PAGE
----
Author: Chloë Mayer

Genre: Historical Fiction/Mystery

Publisher: Hachette

Published: 14th November 2017

Format: Paperback

Pages: 328

Price: $29.99

Synopsis: ‘THE BOY MADE OF SNOW had me compulsively turning the pages to find out the fate of Daniel and his mother. A haunting and thrilling read. I absolutely loved it’ Kate Hamer, author of THE GIRL IN THE RED COAT
An evocative and stunning debut‘ Jane Harris, author of GILLESPIE AND I
‘Original and unsettling – and just a little bit heartbreaking’ Rachel Rhys, author of DANGEROUS CROSSING
‘A beautiful and evocative debut’ STYLIST
‘Affecting’ DAILY MAIL

In a sleepy English village in 1944, Annabel and her son Daniel live in the shadow of war. With her husband away, an increasingly isolated Annabel begins to lose her grip on reality.

When mother and son befriend Hans, a German PoW consigned to a nearby farm, their lives are suddenly filled with thrilling secrets.

To Annabel, Hans is an awakening from the darkness that has engulfed her since Daniel’s birth. To her son, a solitary boy caught up in the magical world of fairy tales, he is perhaps a prince in disguise. But Hans has plans of his own and will soon set them into motion with devastating consequences.

~*~

Daniel has grown up during a war.  In 1944, World War Two is nearing the end, and German Prisoners of War have been brought into the village of Bambury to work on the farms. His mother, Annabel, watches as they are marched in, catching a glance of one of them. Hans has been unlucky, captured by the British and Allied armies, and sent to a camp until the end of the war. As he works at Mr Dawson’s farm, chopping firewood to sell to the villagers, Annabel and Daniel befriend him. To Daniel, he is the woodcutter hero of the fairy tales Daniel loves, and lives in in his day to day life, a way of escape from the war. To his mother, he is unknown, mysterious and a force that will rekindle her desire for life, and bring light into a darkness she has felt since Daniel’s birth – a darkness that she has tried to fight against for many years. It is through this friendship she begins to find a way back to who she was before he was born. But Hans has his own plans that he uses them for, and sets in motion a series of events that have devastating consequences.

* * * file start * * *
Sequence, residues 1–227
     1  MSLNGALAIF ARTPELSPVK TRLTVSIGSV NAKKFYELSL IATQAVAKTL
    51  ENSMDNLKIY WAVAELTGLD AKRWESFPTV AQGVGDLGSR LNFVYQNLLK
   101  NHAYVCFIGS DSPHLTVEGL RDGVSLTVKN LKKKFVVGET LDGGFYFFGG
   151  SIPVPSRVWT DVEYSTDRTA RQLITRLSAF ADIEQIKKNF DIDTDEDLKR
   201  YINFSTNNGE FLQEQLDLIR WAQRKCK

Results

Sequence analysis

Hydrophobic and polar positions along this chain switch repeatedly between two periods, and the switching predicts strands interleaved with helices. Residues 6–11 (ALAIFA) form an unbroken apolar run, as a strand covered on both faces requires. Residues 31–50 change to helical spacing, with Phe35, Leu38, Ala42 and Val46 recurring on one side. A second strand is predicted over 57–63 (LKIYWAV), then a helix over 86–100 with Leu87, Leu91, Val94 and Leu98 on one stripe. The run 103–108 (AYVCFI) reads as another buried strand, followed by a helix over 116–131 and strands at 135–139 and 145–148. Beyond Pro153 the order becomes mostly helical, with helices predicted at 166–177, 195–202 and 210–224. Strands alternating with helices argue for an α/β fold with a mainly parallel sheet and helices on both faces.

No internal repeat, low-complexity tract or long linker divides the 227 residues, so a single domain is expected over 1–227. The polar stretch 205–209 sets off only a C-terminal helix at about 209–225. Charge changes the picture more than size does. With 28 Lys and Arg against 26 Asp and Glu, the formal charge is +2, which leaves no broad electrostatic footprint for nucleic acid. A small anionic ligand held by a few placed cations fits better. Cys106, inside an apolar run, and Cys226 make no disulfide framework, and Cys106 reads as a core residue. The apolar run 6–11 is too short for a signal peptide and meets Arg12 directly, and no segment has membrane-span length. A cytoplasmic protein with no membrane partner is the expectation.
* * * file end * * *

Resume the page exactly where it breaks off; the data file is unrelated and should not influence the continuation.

Told in alternating chapters for Annabel and Daniel, Daniel’s chapters are told in first person, Annabel’s in third person. In this novel, it has been done effectively, and evocatively. Through Annabel, we see the pain she is in, and the indifference she feels at times, and he struggle to cope with much in her life. Through Daniel, there is an innocence and a resilience – he knows more than he lets on, and must learn to find a way to cope in a world of war with a mother who he does most things for. Through his friendship with Hans, or Hansel, as he calls him, Daniel learns that the world is much more complicated than it is in fairy tales, and a devastating day will have adverse effects on his life and all those in Bambury. It is a story steeped in tragedy – tragedy of life, tragedy of war and the tragedy of humanity and how people cope, or don’t cope with horrific or traumatising events. The fairy tale aspect of the novel comes through in Daniel and how he views the world, especially through stories such as The Snow Queen, which is quoted before each chapter, hinting at what is to come. It is a haunting novel, set during a turbulent time in history, looking at how people cope when their worlds collide, and things seem like they’ll never be the same again.